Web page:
ahh the taste of the top most fruit lol.

Re:Thank Goodness (1)

tool462 (677306) | about 2 years ago | (#42189139)

rise above the low hanging fruit.

At least the rest of us aren't making inappropriate penis jokes.

Pity about the robots (1)

reg (5428) | about 2 years ago | (#42188117)

I think the US should declare robots a munition subject to export control and extreme secrecy. With the increase in robotic soldiers, it will become important, and as the US learns to make better robots for the military, they will make better industrial robots. At some point the robots will be more cost effective than slaves in China... If they cannot be exported then manufacturing will return to the US. At least for a while Americans will be able to get high skill jobs building and fixing robots...

Re:Pity about the robots (1)

Anonymous Coward | about 2 years ago | (#42189597)

ummm your whole post seems to imply the US is somehow a leader in robotics. Perhaps a reality check is in order for you, if you banned exports and other countries that are way ahead of the US in the field retaliated then the US would simply fall behind.

You are ALL forgetting the difference in ETHICS (-1)

Anonymous Coward | about 2 years ago | (#42188149)

From China we got pet food with melamine in it.

From China we got drywall made with toxic waste.

The Chinese are not like Europeans or Americans. They are missing
core values which make a huge difference with respect to quality
of the end product.

As an American who is not in favor of war, I think we will look back and
wish we had nuked China when we still could have done it without fear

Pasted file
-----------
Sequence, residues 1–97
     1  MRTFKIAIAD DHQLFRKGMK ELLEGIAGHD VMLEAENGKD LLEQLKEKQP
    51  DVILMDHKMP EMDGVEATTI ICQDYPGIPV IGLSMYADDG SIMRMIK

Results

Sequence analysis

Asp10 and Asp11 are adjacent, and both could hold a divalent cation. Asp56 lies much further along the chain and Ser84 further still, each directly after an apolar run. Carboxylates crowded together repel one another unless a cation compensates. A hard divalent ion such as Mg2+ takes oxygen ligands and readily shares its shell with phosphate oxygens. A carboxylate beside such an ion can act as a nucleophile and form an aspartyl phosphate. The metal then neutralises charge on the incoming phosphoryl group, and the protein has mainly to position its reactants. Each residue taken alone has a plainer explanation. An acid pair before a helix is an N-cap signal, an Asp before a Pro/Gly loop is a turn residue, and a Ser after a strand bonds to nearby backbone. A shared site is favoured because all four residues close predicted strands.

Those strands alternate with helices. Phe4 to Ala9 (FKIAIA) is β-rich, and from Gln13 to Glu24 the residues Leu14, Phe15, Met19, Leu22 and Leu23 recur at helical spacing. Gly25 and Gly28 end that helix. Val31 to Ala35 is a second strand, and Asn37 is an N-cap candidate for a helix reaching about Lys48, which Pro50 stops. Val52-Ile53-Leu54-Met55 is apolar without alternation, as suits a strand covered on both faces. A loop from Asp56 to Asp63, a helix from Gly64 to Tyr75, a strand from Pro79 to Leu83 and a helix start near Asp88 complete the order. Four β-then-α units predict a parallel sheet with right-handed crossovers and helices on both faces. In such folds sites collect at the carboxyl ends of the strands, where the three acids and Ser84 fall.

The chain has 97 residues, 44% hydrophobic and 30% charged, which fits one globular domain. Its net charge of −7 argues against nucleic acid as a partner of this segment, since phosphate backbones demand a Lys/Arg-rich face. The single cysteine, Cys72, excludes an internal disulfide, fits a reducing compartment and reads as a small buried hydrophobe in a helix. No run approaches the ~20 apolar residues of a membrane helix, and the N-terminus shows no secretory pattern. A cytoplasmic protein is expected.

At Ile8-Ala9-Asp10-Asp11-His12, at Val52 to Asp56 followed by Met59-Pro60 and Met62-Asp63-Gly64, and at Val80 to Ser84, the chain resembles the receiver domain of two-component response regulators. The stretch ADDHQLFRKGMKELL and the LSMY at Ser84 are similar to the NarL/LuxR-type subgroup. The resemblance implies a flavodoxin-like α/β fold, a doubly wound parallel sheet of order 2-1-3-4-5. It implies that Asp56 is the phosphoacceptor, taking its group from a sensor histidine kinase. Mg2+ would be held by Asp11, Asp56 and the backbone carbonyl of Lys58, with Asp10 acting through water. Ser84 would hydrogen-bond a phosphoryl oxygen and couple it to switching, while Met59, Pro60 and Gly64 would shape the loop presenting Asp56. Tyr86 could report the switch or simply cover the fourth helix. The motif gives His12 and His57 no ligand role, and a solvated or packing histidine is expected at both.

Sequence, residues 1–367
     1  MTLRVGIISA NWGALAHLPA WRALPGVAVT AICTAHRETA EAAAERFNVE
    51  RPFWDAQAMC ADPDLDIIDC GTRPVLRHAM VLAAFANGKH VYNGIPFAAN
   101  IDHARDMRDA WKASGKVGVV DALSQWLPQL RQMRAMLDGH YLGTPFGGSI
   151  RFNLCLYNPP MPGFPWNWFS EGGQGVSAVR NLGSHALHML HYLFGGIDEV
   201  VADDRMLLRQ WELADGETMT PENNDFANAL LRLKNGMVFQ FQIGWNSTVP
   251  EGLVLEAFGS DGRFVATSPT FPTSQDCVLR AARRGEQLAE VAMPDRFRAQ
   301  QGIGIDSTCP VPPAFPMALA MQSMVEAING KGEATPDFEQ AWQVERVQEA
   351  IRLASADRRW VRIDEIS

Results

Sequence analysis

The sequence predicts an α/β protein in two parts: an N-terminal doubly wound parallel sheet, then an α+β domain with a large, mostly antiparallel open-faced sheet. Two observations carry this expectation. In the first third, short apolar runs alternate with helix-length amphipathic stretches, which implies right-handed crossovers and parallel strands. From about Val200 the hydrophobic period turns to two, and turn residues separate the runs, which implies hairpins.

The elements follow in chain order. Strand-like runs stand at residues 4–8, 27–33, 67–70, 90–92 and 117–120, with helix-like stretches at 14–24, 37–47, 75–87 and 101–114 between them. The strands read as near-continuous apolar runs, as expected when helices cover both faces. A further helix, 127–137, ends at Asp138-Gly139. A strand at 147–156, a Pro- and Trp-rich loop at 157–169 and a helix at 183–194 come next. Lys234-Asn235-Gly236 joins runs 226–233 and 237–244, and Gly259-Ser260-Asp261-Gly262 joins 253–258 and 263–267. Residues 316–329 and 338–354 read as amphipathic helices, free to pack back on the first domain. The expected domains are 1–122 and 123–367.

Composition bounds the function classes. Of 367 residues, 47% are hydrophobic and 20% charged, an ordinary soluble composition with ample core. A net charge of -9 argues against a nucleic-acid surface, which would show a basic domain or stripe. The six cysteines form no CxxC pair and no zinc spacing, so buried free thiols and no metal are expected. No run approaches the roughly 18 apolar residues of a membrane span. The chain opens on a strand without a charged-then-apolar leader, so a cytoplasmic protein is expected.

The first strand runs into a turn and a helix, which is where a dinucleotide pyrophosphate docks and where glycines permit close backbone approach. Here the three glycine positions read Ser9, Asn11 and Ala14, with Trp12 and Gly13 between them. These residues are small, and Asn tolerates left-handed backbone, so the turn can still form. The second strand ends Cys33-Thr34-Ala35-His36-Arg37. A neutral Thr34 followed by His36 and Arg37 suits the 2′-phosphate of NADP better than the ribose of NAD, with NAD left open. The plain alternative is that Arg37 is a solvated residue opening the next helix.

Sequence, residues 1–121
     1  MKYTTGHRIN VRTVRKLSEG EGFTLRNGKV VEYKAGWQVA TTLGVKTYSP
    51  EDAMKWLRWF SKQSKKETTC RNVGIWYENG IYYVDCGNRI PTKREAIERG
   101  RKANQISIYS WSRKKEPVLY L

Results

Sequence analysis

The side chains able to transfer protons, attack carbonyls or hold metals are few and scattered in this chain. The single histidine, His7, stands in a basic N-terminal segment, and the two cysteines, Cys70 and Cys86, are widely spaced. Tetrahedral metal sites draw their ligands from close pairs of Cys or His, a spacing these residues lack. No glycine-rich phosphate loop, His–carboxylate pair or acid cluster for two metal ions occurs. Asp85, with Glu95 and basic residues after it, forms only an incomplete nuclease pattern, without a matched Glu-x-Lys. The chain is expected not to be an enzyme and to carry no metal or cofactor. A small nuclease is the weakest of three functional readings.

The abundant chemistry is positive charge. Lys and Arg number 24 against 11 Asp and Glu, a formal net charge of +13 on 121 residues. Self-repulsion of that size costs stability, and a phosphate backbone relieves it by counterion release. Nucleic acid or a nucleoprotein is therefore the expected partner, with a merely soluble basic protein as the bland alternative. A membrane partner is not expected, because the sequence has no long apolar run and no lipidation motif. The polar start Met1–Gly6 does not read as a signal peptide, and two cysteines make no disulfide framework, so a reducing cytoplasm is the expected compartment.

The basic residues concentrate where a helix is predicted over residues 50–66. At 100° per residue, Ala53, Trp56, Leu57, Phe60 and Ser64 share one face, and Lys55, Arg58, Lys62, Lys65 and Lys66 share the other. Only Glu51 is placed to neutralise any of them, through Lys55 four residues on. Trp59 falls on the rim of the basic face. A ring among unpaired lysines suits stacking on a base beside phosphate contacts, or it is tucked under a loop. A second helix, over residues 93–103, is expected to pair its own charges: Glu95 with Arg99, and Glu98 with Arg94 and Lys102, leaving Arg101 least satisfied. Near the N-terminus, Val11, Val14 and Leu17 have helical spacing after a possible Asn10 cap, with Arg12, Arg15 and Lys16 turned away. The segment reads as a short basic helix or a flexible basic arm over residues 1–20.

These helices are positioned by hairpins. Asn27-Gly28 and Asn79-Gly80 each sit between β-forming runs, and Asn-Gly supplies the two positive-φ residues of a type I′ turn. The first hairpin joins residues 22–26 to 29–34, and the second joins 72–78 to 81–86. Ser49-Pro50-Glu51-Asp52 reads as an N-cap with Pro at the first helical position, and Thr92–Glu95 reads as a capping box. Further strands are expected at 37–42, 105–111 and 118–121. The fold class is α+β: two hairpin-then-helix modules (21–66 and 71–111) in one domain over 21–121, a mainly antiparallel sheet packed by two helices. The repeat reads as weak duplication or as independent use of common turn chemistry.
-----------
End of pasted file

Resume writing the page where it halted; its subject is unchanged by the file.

of a retaliatory strike. China is going to economically smother the US, and
the worst part is that idiots in the US are going to help with that.

Re:You are ALL forgetting the difference in ETHICS (1)

Anonymous Coward | about 2 years ago | (#42188467)

> You are ALL forgetting the difference in ETHICS

> As an American who is not in favor of war, I think we will look back and
wish we had nuked China when we still could have done it without fear
of a retaliatory strike.

Do you have any remote notion of what the word Ethics mean?

BTW please stop doing crimes against mankind instead of thinking up bigger evils.

Re:You are ALL forgetting the difference in ETHICS (0)

Anonymous Coward | about 2 years ago | (#42189071)

US should have joined with Nazi Germany in subjugating Europe and Russia before proceeding to dominate Africa and Asia. Had we done that then mankind would have already established orbital and lunar colonies and work would be well under way to begin mining the asteroid belt and building Mars colonies.

As A European (-1)

Anonymous Coward | about 2 years ago | (#42189475)

..I wish You American Kneejerks like you would simply congregate at the grave of Curtis LeMad and then detonate a nuke. The world would be a better place after that.

Employee (0)

DFurno2003 (739807) | about 2 years ago | (#42188163)

It may surprise you to learn that Komatsu doesn't employee a single industrial robot. Komatsu doesn't employee a single industrial robot. employee a single industrial robot. employee

Quality vs time vs price (0)

Anonymous Coward | about 2 years ago | (#42188185)

It's more about price vs quality vs time than just about price and quality. Sure you can buy a decent Chinese locomotive for less money but if you buy an American one you know it will still be running half a century from now. Some products are short term where price is king but things like construction equipment and infrastructure are long term investments where your children will have to live with your choices. Better to spend more now than have to fork out money on replacements every ten years.

Re:Quality vs time vs price (1)

cheesybagel (670288) | about 2 years ago | (#42188745)

I was kind of surprised anyone wanted to buy US locomotives at all. Only if they are the low speed freight trains I guess.

Wait what? (0)

Kral_Blbec (1201285) | about 2 years ago | (#42188501)

US jobs rooted in defense contracting?